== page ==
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Benjamin W. Heineman, Jr.
Legal Scholar

Benjamin W. Heineman, Jr.

Business ethics expert; senior fellow at Harvard’s schools of law and government; former General Counsel for General Electric; former assistant secretary for policy at the U.S. Department of Health, Education and Welfare (now Health and Human Services.)

A Stick in the Eye

A public company CEO's most precious asset is trust: trust from employees, customers, suppliers, shareholders, creditors, analysts, the regulators and the media. When credibility is shredded, then the CEOs customarily cannot do their job.

Steve Job's handling of his personal health issues is a stick in the eye of trust and makes him look like he is the head of a private Valley start-up, not a major public corporation.

If a CEO's personal health issues will -- or are likely to -- significantly affect her capacity to lead the corporation, then those issues should be disclosed. Such an impact can be the result of a sustained inability to function or a life-threatening illness or some combination of the two.

For example, a serious accident might not be life threatening but might involve pain, heavy medication, difficulty in concentrating--in sum an inability to be CEO for weeks or months. That should be disclosed. A broken leg from skiing requiring a few days in bed should not.

Similarly, the diagnosis of a life-threatening disease---like lung cancer---should be disclosed along with the prognosis, even though the prognosis may be a statement of probabilities and not a certain conclusion. By contrast, an intestinal disruption from a foreign trip which lasts a few days and will be cured promptly is not a disclosable event.

The reason for disclosing these two circumstances is straightforward. A CEO's sustained absence or life-threatening illness are events to which the reasonable investor would attach importance in making an investment decision or the disclosure of which are likely to move the stock. These are, of course, the general materiality standards under U.S.and EU securities laws. But securities regulators have not sought to define when CEO health events need to be disclosed. No matter. Such disclosure should occur either because of a careful interpretation of the law or because good governance and a sustained corporate reputation for credibility require it.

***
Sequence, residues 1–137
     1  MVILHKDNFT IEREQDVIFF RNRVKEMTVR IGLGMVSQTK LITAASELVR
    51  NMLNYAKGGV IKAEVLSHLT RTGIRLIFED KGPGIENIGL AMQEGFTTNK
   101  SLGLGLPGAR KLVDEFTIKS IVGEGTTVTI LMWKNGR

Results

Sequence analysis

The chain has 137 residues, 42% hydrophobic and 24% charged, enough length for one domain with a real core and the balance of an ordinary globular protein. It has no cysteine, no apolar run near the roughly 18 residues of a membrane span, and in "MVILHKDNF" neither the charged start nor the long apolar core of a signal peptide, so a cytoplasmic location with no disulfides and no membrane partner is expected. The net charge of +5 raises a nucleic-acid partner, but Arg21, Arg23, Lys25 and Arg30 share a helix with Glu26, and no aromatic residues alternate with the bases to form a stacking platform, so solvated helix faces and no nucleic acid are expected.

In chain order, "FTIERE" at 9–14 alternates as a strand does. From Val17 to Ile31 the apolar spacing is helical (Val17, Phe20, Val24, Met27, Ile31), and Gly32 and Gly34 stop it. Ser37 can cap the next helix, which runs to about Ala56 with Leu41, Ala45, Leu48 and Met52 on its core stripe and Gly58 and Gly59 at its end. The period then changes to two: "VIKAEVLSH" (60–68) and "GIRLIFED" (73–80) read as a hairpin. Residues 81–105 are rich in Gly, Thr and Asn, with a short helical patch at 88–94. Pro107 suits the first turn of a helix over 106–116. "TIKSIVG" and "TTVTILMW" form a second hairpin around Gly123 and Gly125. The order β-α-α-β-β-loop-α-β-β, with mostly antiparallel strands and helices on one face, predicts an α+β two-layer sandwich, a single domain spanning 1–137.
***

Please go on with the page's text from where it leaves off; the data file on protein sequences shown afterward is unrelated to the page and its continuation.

CEOs are public figures. They should waive any privacy limitations imposed by law or personal preference to achieve such disclosure. Jobs'---and Apple's---handling of his illness is textbook---of what not to do.

Apple is sustained by public trust in the products---for which Jobs gets his share of credit---but not by trust in his integrity or his word. That is very unusual.

IN RESPONSE: In their breezy defense of Apple's behavior, Messrs. Gupta and Linsky seem unaware that the first question about Jobs' and Apple's handling of his illness is whether it complies with SEC disclosure rules. Both underscore how critical Jobs is to Apple, but then somehow ignore that serious health issues of a person of such importance might well be material and might need to be disclosed under the law. Indeed, it has been reported that the SEC is, in fact, reviewing Apple's disclosures for compliance with disclosure requirements.

By Benjamin W. Heineman, Jr.

 |  June 23, 2009; 9:33 AM ET
Category:  CEOs Save & Share:  Send E-mail   Facebook   Twitter   Digg   Yahoo Buzz   Del.icio.us   StumbleUpon   Technorati  
Previous: Nothing to Learn Here, Move Along | Next: Jobs Acted Properly

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